IEA blames Saudi Arabia, UAE for oil price spike

gHello.

There’s some (must-have) positive data to start your Friday, after the latest GDP figures showed the UK economy recorded its strongest growth since World War II last year.

GDP grew by 7.5% in 2021 – the biggest increase in 80 years. It also means Britain has outpaced other major economies in the post-pandemic rebound.

While the economy contracted by 0.2pc in December due to omicron, it was a less severe hit than expected. For the fourth quarter, the GDP increased by 1 pc.

5 things to start your day

1) Inland Revenue ‘handed over’ over £4billion Covid loan fraud, MPs say HMRC’s efforts to recover stolen funds from taxpayers branded ‘unambitious’

2) Britain to import 70% gas as North Sea reserves run out Dependence on foreign fuel will raise new questions about the country’s strategic independence

3) Andrew Bailey attacks Brussels over plans to cut City off from European banks Bank of England governor says such move would ‘fragment the international system’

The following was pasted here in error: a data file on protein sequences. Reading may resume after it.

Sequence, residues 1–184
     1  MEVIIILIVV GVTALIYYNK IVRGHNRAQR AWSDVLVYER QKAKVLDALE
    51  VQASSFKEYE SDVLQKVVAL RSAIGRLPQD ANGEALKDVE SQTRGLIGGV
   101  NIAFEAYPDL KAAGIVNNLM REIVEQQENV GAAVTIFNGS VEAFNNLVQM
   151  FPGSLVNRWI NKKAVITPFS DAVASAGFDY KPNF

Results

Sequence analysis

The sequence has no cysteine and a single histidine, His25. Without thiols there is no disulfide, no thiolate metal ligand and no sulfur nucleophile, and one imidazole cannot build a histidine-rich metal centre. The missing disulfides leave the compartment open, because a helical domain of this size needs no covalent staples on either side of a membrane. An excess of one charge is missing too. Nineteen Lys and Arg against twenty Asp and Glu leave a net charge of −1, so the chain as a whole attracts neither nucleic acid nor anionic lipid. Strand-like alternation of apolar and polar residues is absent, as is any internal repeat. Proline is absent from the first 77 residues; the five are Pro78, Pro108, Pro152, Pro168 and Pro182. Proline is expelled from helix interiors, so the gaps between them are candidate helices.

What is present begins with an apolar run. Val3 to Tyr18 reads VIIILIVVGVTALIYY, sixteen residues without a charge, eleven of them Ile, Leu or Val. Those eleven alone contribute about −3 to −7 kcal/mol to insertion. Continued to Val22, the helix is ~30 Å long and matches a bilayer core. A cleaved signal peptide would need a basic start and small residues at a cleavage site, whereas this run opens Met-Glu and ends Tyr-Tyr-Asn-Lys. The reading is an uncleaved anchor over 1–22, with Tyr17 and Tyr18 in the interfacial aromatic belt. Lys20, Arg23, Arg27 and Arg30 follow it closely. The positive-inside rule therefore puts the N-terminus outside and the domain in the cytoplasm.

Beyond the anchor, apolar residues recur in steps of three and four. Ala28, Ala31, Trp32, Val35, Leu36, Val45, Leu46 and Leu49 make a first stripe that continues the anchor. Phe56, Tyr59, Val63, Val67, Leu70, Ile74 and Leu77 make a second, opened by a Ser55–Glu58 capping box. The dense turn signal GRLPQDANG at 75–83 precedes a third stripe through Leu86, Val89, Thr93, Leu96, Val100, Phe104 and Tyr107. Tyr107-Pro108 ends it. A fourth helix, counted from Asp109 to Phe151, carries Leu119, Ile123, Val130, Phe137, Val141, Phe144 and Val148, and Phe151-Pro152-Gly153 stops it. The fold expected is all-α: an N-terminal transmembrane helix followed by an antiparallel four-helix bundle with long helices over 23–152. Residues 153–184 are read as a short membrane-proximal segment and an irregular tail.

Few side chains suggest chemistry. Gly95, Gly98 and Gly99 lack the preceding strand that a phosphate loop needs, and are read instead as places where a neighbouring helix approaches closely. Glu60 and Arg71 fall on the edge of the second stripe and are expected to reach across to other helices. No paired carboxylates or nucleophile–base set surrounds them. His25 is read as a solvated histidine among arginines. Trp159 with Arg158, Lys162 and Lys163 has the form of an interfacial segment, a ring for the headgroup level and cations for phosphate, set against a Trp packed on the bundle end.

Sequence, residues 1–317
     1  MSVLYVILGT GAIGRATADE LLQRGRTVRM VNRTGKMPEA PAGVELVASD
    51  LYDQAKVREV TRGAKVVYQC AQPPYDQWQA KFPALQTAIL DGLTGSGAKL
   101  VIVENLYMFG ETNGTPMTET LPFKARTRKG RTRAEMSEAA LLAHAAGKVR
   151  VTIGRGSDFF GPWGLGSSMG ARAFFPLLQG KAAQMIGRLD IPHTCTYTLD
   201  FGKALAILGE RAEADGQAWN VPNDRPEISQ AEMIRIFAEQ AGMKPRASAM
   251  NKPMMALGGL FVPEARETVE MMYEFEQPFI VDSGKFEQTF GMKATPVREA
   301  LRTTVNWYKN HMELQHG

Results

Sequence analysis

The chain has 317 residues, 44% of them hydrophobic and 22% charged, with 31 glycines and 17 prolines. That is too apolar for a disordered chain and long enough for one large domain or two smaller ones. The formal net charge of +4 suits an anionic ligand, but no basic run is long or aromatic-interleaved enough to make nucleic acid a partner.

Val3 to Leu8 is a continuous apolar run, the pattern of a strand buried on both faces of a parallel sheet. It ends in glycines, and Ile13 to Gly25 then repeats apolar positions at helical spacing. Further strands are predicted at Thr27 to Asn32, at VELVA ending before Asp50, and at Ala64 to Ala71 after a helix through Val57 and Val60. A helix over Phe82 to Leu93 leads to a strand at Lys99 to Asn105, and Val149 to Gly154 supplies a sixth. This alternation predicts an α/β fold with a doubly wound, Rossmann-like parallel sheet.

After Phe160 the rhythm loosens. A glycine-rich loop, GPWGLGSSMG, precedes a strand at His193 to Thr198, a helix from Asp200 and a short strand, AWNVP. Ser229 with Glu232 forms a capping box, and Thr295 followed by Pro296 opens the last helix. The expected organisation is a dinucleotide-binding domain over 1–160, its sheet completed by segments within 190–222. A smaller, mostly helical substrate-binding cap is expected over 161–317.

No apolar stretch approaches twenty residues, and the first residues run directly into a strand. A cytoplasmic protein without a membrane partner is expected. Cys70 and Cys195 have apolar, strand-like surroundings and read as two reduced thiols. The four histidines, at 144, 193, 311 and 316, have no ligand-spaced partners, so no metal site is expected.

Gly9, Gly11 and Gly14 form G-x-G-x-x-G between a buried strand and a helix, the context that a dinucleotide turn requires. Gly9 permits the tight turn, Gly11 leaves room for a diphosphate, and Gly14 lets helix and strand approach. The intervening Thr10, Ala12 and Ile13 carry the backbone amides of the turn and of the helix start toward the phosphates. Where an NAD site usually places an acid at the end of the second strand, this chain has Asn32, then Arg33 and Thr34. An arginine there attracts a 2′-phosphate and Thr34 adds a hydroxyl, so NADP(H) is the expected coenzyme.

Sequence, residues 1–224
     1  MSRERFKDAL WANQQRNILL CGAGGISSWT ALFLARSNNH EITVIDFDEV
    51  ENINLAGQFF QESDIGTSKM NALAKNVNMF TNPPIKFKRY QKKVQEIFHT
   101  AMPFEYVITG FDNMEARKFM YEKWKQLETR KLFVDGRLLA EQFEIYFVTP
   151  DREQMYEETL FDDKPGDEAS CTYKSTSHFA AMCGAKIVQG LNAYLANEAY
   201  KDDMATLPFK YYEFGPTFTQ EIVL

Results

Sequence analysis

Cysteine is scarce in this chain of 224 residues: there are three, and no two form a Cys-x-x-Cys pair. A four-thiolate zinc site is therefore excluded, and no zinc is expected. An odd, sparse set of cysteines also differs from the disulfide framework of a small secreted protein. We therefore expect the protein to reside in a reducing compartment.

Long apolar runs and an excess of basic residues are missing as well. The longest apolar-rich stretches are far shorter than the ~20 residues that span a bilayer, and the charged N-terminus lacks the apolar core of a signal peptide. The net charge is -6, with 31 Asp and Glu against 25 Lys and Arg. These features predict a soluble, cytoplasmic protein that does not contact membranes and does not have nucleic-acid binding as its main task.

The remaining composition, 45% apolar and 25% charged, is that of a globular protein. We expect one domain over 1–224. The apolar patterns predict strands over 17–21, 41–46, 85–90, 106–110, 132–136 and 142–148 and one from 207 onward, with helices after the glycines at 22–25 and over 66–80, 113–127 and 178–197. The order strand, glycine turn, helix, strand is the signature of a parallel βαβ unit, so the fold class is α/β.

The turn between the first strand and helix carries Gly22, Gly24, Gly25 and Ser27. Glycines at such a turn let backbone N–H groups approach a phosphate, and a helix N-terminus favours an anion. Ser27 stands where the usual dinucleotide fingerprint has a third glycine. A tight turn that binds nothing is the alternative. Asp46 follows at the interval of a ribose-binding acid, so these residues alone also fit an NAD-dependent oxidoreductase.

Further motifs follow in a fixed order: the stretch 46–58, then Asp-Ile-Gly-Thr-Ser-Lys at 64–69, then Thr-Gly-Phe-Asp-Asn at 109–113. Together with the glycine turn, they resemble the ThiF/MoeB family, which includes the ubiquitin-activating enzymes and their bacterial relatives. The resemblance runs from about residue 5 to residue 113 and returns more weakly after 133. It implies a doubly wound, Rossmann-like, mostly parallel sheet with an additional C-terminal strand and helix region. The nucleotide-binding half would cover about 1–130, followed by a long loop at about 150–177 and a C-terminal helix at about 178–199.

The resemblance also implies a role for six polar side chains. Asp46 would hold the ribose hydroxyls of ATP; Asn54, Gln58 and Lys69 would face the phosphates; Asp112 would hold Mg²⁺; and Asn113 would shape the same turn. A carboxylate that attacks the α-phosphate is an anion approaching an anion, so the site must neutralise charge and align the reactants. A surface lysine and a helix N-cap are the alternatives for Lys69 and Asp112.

4) AstraZeneca ready to tweak Covid vaccine as it finally turns a profit The pharmaceutical giant is working with the University of Oxford to tackle new variants

5) Credit Suisse ‘failed to freeze cocaine smuggling wrestler’s bank account’ Ex-employee accusation comes as bank reveals £1.6billion loss

What happened overnight

Asian markets fell on Friday after a sell-off on Wall Street in response to a jump in US inflation that revived expectations that the Federal Reserve will embark on a more aggressive campaign of monetary tightening. Hong Kong, Shanghai, Sydney, Seoul, Wellington, Taipei, Manila and Jakarta all fell into the red, although Singapore rose slightly. Tokyo was closed for vacation.

coming today

Business : British American Tobacco (Annual results); Lancashire Holdings, Tate & Lyle, Victrex (temporary); Electrocomponents (Business Update)

Economy: GDP (UK)industrial production (UK)manufacturing (UK)trade balance (UK)consumer price index (All)Michigan Consumer Confidence Index (WE)Fed Monetary Policy Report (WE)